Italy's Monte dei Paschi bail-in is a bailout

Monte dei Paschi di Siena bank CEO Marco Morelli talks during a news conference in Milan, Italy October 25, 2016. REUTERS/Alessandro Garofalo - RTX2QCCV

LONDON (Reuters Breakingviews) - Monte dei Paschi’s rescue is a bailout masquerading as a bail-in. European rules now mean governments that save banks have to force losses on creditors, or convert them into shares. Italy is doing that with MPS, but adding an unjustified bit of financial engineering that makes it no better than bank bailouts from 2008.

At first glance the MPS rescue, announced on Dec. 23, appears a classic application of European rules. The bank has been unable to raise the 5 billion euros it needs to fill a capital shortfall created by stress tests. Ergo, under article 32 of the Banking Recovery and Resolution Directive, the government can step in. Under state aid rules, that requires MPS’ 4 billion euros-plus of subordinated debt to convert into equity.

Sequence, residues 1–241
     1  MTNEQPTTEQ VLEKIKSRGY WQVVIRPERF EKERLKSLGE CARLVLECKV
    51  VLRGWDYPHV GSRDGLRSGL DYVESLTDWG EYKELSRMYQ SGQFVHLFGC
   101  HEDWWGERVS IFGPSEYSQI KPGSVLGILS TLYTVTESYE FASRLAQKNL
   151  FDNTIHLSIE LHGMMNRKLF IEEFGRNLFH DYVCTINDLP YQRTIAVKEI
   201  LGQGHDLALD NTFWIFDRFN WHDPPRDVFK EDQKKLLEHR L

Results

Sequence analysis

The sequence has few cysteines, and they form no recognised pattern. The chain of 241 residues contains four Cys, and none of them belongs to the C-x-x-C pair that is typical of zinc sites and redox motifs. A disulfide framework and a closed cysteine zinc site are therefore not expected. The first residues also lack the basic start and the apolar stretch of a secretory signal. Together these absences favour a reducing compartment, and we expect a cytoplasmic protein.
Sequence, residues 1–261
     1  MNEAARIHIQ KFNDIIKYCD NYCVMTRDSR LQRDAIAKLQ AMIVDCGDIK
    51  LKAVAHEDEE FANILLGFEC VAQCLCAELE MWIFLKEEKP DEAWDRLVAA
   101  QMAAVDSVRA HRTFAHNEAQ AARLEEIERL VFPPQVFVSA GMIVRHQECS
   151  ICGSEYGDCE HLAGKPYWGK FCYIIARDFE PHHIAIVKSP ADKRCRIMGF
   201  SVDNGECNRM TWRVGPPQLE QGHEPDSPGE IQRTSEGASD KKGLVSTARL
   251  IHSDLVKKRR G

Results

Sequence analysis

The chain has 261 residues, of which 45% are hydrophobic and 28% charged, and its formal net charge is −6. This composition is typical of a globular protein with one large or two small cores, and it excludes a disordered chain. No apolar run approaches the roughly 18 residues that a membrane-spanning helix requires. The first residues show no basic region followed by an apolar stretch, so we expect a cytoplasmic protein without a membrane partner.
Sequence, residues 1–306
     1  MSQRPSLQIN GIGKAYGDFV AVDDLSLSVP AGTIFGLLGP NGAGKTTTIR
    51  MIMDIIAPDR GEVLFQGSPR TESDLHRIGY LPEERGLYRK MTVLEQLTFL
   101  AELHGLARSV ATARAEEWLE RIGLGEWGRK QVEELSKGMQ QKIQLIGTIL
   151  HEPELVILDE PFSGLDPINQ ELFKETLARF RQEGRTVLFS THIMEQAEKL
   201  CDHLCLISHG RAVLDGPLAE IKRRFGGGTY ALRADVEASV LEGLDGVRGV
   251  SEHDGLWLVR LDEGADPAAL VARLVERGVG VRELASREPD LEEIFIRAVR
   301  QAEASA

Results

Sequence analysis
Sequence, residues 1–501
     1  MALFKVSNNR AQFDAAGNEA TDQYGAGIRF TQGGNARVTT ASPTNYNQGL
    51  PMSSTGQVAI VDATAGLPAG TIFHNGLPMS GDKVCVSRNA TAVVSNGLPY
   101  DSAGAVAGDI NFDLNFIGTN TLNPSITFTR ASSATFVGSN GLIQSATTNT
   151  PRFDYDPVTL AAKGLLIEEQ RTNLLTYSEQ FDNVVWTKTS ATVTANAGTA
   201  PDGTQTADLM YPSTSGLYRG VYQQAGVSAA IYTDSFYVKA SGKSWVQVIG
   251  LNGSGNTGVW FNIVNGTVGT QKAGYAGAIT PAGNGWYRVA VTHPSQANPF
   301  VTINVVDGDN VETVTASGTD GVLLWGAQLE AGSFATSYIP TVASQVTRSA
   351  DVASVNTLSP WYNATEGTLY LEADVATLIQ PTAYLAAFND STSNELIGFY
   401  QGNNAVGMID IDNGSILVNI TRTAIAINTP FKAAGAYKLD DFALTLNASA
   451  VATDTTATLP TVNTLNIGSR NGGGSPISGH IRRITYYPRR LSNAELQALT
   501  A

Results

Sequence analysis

Yet the government is bolting on another leg. The bank can then swap those shares held by retail investors for a new bond, this time a senior-ranking one, with little default risk. That would create a problem for MPS, as it would have less equity. So, the government will then buy those shares from the bank. Economically, it looks similar to the government simply buying the shares directly from retail creditors.

There are still some missing details. It’s not clear what the terms of the new bonds will be, or the price the government will pay for the shares. Still, it seems likely both will be at par. It’s also not clear how many shares can be swapped in this way. Statements so far suggest it will apply to all bonds held by retail creditors.

The complex trade is probably a way of dealing with the thorny issue of bonds held by retail investors in Italy’s sickly banks. With a weak government, and support for the anti-establishment 5-Star Movement growing, it would have been politically toxic to impose real losses on creditors with elections likely next year.

Yet if such a scheme is applied to all retail creditors at par, it simply looks like a bailout at taxpayer expense. Retail bonds are held by the wealthiest 10 percent of Italian households, according to the Centre for European Policy Studies. The good news is that this fudge should accelerate restructuring of other weak Italian banks. The bad is that European rules can easily be bent to suit political ends.

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